In order to better communicate emergency information to the campus community, LSU has implemented the LSU Emergency Text Messaging System. Participation in the LSU Emergency Text Messaging System is not mandatory, but encouraged. There is no fee to subscribe, but users will still have to pay regular text messaging rates through their cellular providers.
The LSU Emergency Text Messaging System is a service that allows anyone in the LSU community, including the LSU AgCenter and Paul M. Hebert Law Center, to receive alerts, news, or other emergency information via text message on their mobile phones. Individuals will have to choose to be included in the system by providing their cell phone information through myLSU.
The LSU Emergency Text Messaging System is part of the University’s crisis communication plan, which includes numerous methods of communicating information to the campus community. In the event of an emergency, messages will be sent out from the LSU Emergency Operations Center on campus.
Emergency text messages are limited to 140 characters. This means that SMS/text messaging is less about full communication and more about alerting the user to check other, more communicative sources (Webpages, e-mail, broadcast media, etc.). It must be used in concert with other mechanisms, such as e-mail, voice mail, media notifications, Web updates, and even person-to-person/door-to-door communications.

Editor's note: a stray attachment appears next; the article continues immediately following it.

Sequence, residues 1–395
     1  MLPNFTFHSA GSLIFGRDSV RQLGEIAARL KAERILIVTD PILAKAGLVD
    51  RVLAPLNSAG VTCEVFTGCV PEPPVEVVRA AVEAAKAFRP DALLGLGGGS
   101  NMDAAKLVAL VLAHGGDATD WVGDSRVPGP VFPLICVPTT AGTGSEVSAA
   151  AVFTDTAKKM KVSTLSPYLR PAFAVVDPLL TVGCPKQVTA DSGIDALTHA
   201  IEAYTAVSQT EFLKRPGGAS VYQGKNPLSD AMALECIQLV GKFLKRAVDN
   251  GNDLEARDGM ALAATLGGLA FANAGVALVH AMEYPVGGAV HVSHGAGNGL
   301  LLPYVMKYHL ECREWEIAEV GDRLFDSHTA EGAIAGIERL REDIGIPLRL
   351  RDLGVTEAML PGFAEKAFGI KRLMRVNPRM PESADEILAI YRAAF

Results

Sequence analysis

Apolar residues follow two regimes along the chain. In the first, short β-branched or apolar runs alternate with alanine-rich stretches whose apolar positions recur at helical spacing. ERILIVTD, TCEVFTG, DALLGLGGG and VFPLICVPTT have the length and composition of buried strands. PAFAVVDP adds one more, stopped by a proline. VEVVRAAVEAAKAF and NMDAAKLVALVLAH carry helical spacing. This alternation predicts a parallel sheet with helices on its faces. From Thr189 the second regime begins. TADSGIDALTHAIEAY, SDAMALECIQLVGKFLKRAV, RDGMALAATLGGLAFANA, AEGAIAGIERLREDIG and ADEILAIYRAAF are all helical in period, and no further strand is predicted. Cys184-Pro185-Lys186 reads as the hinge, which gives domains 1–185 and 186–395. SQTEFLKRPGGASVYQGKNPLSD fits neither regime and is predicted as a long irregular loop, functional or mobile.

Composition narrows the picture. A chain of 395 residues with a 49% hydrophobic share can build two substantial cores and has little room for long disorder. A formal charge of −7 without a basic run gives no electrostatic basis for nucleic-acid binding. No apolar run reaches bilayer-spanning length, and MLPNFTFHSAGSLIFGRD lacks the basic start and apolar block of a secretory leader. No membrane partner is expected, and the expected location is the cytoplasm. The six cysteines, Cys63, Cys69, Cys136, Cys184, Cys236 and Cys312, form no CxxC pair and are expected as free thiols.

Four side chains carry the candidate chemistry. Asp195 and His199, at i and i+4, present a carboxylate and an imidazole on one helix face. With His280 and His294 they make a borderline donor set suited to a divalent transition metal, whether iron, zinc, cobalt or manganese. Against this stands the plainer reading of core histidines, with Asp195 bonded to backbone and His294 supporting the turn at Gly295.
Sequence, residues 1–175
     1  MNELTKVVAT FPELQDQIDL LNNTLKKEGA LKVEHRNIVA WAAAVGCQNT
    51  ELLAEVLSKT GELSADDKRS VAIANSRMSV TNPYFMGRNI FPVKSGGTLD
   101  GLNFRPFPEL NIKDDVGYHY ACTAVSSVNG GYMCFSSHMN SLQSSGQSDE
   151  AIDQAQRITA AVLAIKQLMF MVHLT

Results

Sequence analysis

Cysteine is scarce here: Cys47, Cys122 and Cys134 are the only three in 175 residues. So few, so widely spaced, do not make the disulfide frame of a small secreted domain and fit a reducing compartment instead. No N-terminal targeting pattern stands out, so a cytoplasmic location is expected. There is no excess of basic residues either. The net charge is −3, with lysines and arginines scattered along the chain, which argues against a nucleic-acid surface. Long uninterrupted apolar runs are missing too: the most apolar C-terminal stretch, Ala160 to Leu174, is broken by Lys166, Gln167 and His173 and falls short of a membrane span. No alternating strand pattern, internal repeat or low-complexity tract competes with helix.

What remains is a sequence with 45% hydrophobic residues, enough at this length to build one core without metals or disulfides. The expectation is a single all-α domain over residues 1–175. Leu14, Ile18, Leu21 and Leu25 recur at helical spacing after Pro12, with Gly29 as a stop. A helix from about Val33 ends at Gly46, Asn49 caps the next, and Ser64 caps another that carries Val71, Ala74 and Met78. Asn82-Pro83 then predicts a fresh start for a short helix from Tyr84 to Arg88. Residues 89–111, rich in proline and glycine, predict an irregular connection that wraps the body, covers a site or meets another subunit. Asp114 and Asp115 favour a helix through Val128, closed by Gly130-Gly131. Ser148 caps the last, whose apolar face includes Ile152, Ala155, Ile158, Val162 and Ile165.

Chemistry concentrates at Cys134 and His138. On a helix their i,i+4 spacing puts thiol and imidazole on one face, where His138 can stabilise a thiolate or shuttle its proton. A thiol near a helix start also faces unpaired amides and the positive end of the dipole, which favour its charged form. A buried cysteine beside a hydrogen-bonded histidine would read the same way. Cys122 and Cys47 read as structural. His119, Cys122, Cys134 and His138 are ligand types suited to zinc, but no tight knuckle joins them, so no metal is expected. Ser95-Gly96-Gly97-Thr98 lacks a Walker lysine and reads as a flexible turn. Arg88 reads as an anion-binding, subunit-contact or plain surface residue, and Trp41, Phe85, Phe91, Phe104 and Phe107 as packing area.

LSU Text Messaging Process
- LSU sends the message to the text messaging vendor.
- The text messaging vendor will dispatch the message to the third-party aggregator.
- The aggregator will then distribute the messages to the cellular providers.
- The providers then process the messages and deliver them to individual subscribers.
- The message goes through towers and to the individual subscribers’ devices.
- Current “flow rates” from other universities show that we should expect about 100 messages will be delivered to subscriber phones/devices per minute.
- Cellular networks are tuned for voice services; text messaging is an ancillary function built “on the side.” So, while individual messages sent phone-to-phone may be near-instantaneous, mass-mailings “flood” the system and slow results. In short, the networks are not designed for mass “floods” of text messages.
- The more people who subscribe to the Emergency Text Messaging System, the longer the message delivery could take.
- A portion of the messages sent will fail to be accepted by the carriers; this could be approximately 3 percent of enrolled individuals who will be expecting a message, but won’t get it due to various issues beyond the control of LSU or its provider.
- The cellular providers will also have a percentage of “failures,” or messages successfully accepted by the carrier, but not processed to the end-user device. An additional 3 percent may not receive a message.
- Factors on the subscriber’s end may also impact receipt of the message: Is the phone turned on and charged? Does it have signal strength? Is text message receipt enabled? Is the user monitoring the device? Did the subscriber provide the correct number during enrollment? These factors will lead to a number of enrolled users (again, as many as an additional 3-4 percent) not actually receiving messages, or not receiving them in a timely fashion.
- Peculiarities of timing, devices and carriers may lead to “fractured” messages, such as only partial delivery of the 140 characters in the message.